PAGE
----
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Is Diet Soda Really the Healthier Soft Drink?

New study finds link between drinking diet soda and an increased risk of heart attack and stroke

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The premise: Many soda drinkers opt for diet over regular, thinking that the zero calories and zero sugar makes the drink a healthier option. But the scientific evidence backing up that idea is lacking. In fact, a 2005 study reported that people who drink diet soda instead of regular don’t lose any extra weight. Rather, they gain weight. Now, a new nine-year study finds a connection between drinking diet soft drinks and an increased risk of heart attack and stroke.

The set-up: Researchers gathered 2,465 subjects. The average age was 69 and about two-thirds of the participants were women—but the findings are still applicable to you. “We didn’t see any interaction with age or sex,” says study researcher Hannah Gardener, ScD, an epidemiologist at the University of Miami Miller School of Medicine. “Therefore there’s no reason why the results would be different for younger, male subjects.”

At the start of the study, people were asked to document what foods and beverages they consumed and how often they consumed them. They were asked about their exercise routines and whether they smoked or drank alcohol. And the participants had physical checkups.

With the preliminary research in: 901 participants said they never drank soda or drank it less than once a month, 282 said they drank at least one regular soda daily and 116 reported they drank at least one diet soda a day.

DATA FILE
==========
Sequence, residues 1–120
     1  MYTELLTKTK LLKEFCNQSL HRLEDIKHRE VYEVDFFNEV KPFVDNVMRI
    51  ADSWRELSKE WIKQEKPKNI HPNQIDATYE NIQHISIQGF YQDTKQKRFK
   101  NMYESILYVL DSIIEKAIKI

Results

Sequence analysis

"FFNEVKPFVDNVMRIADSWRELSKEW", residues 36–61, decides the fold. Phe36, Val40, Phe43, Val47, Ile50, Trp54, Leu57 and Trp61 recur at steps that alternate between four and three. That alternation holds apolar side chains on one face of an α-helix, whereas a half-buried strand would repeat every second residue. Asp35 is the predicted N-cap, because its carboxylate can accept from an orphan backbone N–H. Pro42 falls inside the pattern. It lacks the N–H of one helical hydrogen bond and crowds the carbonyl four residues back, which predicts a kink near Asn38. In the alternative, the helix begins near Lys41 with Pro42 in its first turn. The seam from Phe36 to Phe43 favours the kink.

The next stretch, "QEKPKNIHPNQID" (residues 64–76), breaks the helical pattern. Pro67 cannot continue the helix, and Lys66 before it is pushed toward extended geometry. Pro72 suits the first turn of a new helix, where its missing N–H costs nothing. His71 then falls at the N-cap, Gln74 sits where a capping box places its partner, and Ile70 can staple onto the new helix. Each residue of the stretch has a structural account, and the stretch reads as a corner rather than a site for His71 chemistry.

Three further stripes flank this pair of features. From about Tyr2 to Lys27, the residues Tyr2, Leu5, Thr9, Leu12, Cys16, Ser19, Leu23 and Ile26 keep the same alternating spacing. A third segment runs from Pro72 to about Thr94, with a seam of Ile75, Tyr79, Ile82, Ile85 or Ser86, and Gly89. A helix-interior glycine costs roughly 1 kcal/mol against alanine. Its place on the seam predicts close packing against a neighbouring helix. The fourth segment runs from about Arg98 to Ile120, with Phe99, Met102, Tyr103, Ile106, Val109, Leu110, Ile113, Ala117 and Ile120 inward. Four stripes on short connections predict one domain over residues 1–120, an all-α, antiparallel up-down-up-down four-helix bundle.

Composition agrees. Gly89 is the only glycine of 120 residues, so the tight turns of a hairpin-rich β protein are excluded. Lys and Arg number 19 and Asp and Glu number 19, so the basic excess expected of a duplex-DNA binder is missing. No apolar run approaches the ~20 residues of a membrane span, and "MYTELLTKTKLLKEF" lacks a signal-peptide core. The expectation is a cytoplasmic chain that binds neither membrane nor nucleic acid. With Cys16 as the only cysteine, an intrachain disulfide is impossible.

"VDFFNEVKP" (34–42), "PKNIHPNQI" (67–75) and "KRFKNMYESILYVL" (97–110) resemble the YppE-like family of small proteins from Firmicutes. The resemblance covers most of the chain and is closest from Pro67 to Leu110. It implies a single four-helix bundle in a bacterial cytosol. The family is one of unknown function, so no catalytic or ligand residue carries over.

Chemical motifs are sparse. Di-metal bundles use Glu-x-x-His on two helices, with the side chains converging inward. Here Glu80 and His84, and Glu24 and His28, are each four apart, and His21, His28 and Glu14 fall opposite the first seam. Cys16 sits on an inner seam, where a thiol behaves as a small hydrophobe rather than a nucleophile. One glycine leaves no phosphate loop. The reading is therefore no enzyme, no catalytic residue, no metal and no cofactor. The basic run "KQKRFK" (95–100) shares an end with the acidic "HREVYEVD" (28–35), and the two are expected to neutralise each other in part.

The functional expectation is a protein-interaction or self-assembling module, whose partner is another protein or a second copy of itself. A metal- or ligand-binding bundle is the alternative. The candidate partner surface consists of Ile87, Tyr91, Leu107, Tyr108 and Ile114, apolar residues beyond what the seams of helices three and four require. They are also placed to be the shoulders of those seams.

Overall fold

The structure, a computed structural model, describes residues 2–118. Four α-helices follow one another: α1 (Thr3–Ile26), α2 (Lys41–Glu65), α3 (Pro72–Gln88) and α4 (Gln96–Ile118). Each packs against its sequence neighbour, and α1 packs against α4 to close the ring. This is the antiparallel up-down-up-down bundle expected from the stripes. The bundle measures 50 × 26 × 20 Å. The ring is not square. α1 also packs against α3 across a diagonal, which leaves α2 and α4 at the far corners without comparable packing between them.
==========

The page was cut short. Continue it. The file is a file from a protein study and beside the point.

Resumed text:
The results: Over the next nine years, those who drank diet soda daily were 48 percent more likely to have a heart attack or stroke, compared with those who rarely drank soda. There was actually no risk increase for cardiovascular disorders among the daily drinkers of regular soda.

“We had a strong bias for conducting the study, as other diet soda studies have suggested an association between diabetes, weight gain, coronary heart disease and other ailments, but we were surprised to find the strength of the results,” says Gardener.

A few flaws in the study are worth noting: Participants were only asked about the soda habits at one point (they may have changed habits at some point during the nine years) and there’s no information about which soft drinks were being consumed. And even though the researchers tried to consider for risk factors that that could skew the results, they couldn't account for everything.

The takeaway: Despite the overwhelming results, the study doesn't prove cause and effect. Meaning, it’s too early to recommend swapping a diet soda for a regular calorie-heavy soda. “I actually don’t think you should drink any soda at all,” Gardener suggests. “I’d always recommend a glass of water over any other beverage.”

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